After Glen Campbell lost a long battle with Alzheimer’s Disease on Aug 8, it is but natural to pay tribute to him and the legacy he left. The social media and news are all full of write ups about him and the aforementioned.
It also makes perfect sense for us to be reminded of him when we hear “Rhinestone Cowboy,” “Galveston,” “Gentle on My Mind” and the like. In any case, all those songs rightfully belongs in the great American songbook.
Still, Campbells’ amazing song catalog captures the great versatility and memoirs as we can hear in these deep cuts.
“Quits” (bonus track for the 40th anniversary of Rhinestone Cowboy, 1975)
Danny O’Keffe covered this song for the 40th anniversary CD release of Rhinestone Cowboy which adds a countrypolitan class. On the other hand, Campbell sustained success as an interpreter of great songwriter’s works.
“I Love My Truck” (The Night The Lights Went Out in Georgia soundtrack, 1981)
This song is from the 1981Dennis Quaid and Mark Hamill film The Night The Lights Went Out in Georgia. It may seem like it has an outlaw vibe to it and even a trucker song if you may. However, Campbell could still fit it in the Tompall Glaser’s Hillbilly Central in the ‘70s.
“Highwayman” (Highwayman, 1979)
Campbell’s Highwayman album became the signature tune of another group Highwaymen. It is a song that talks about an outlaw, a seaman, a construction worker and a spaceman. One vocals on the highwayman, the sailor, the dam builder and the starship pilot. a workman-like spirit that continues to live, whether it be a reincarnation or of society’s dependence on the working class.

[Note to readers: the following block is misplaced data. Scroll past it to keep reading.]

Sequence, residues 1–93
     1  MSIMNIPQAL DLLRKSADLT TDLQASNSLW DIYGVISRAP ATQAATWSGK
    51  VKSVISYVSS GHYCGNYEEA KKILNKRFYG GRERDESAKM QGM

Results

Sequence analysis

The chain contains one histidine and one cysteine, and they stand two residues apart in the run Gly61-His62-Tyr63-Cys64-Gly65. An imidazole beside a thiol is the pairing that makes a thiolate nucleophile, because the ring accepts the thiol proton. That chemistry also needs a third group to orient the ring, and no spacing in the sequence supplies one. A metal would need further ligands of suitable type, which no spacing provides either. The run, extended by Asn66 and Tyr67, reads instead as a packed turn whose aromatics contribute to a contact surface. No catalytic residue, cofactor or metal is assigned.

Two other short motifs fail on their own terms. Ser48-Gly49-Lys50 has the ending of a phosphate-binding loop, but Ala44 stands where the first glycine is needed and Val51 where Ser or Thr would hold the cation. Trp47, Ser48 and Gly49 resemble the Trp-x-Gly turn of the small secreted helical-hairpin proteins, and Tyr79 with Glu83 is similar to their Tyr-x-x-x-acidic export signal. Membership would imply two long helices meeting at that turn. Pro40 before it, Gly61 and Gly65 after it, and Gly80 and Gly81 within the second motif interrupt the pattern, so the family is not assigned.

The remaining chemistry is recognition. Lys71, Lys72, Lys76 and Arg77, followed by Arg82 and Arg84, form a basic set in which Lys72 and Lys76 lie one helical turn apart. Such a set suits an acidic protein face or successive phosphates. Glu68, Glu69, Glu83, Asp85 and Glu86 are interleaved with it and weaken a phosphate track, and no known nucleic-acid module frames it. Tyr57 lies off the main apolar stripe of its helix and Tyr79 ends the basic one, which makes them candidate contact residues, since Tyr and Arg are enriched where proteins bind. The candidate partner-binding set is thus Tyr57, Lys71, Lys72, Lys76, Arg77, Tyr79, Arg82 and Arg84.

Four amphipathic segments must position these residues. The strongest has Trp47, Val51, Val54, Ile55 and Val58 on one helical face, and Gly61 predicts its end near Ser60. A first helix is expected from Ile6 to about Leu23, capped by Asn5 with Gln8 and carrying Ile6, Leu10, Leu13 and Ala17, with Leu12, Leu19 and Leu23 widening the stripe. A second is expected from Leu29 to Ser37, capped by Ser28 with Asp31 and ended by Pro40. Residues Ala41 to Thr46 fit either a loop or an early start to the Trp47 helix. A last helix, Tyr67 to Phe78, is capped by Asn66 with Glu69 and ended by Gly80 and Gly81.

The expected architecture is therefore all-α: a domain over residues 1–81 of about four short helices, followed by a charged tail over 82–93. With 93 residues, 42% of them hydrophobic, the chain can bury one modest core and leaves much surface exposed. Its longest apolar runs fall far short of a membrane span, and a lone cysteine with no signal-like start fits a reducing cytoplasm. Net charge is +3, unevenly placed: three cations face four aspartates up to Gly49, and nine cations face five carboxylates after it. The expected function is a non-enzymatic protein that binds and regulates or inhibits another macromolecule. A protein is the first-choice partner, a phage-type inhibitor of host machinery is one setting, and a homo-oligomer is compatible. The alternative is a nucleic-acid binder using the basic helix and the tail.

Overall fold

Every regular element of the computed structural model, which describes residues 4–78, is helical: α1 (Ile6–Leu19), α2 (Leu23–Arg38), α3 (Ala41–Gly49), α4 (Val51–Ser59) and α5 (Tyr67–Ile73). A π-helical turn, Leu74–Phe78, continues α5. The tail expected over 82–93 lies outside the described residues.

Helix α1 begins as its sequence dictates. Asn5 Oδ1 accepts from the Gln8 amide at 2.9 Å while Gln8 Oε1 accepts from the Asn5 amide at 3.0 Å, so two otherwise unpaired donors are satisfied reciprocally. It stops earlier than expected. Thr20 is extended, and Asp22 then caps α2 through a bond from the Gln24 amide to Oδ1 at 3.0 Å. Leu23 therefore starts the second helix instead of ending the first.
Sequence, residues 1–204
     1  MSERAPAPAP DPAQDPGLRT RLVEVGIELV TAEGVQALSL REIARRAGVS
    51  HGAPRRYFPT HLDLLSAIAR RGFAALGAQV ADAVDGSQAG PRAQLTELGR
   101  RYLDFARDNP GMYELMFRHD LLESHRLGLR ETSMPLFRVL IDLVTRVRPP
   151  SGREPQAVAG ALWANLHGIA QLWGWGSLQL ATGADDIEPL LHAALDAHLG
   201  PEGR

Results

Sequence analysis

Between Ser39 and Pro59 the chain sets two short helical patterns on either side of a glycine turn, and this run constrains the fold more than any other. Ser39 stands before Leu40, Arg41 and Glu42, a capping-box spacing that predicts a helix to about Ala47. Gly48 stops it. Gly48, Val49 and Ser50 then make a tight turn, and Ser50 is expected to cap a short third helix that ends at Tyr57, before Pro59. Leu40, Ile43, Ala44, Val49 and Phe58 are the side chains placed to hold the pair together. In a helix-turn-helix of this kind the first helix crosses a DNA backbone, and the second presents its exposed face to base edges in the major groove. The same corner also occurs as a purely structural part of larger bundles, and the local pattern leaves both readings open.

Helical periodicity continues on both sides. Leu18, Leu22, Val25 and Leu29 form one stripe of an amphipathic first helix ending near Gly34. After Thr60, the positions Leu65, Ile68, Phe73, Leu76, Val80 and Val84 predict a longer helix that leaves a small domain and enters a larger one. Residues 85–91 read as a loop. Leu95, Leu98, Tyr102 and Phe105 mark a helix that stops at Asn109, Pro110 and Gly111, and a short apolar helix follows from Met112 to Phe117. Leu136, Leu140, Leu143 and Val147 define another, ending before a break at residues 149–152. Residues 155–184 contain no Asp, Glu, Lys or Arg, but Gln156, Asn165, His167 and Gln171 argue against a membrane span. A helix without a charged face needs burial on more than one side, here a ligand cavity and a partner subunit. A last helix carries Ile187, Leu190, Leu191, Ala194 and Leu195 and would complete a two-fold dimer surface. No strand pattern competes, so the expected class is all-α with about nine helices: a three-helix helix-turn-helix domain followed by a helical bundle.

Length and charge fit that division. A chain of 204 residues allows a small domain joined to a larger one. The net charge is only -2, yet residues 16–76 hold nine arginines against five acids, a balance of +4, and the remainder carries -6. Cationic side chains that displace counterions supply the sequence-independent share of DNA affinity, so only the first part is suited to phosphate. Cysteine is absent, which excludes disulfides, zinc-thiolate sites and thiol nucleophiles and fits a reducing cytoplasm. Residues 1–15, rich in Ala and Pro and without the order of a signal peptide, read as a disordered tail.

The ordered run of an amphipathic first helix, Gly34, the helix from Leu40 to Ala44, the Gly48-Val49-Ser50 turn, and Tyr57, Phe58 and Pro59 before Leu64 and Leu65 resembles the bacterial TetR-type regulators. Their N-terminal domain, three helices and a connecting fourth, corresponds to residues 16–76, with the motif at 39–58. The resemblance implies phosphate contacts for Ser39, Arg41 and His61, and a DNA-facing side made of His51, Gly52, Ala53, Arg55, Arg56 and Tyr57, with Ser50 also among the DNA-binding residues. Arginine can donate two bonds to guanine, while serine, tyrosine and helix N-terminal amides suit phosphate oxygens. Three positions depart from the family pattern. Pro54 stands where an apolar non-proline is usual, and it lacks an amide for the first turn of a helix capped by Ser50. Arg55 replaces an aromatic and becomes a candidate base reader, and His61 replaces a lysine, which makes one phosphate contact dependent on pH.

“Keep On Smilin’” Featuring Oscar the Grouch (Sesame Country, 1980)
In the story here, Big Bird accidentally booked a human named Glen Campbell instead of “Wichita Trashman.” Still, it all worked out well for all of them. This just proves Campbell’s versatility and that also has something to offer for the whole family. Other than being on Sesame Street, he also voiced over the character of Chanticleer in the 1991 film Rock-a-Doodle.
“Cowboy Hall of Fame” (It’s Just a Matter of Time, 1985)
This one right here celebrates the Old West. It is a nice reminder of Campbell’s deep country roots. However, the album where this song came from is underrated but was anchored. A cover was done by Marty Robbins’ “Gene Autry, My Hero.”
“She’s Gone, Gone, Gone” (Walkin’ In the Sun, 1990)
Campbell’s start in the 1960s was embodied by the final top 10 country. His version sounded like it was fresh off the streets of Bakersfield when a backing band featuring Bela Fleck on banjo was made.
“Who’s Minding the Garden” (Wings of Victory, 1992)
In the ‘80s and ‘90s, Campbell’s output is sprinkled with religious albums, featuring either old-time hymns and county gospel standards or more contemporary Christian rock. Among his more rocking cuts, he also made a plea for environmental awareness, spoken through the lens of personal faith. Think of it as Campbell’s version of Alabama’s “Pass It On Down.”
“Good Riddance (Time Of Your Life)” (Meet Glen Campbell, 2008)
When Campbell covered Green Day’s prom-like song, it sounded classy. His 60th full-length album features covers of U2, John Lennon, Lou Reed and Tom Petty. It wasn’t a mid-life rock music crisisbut Campbell was simply adding his own spin to pop-accessible songs, as he’d done for over 40 years.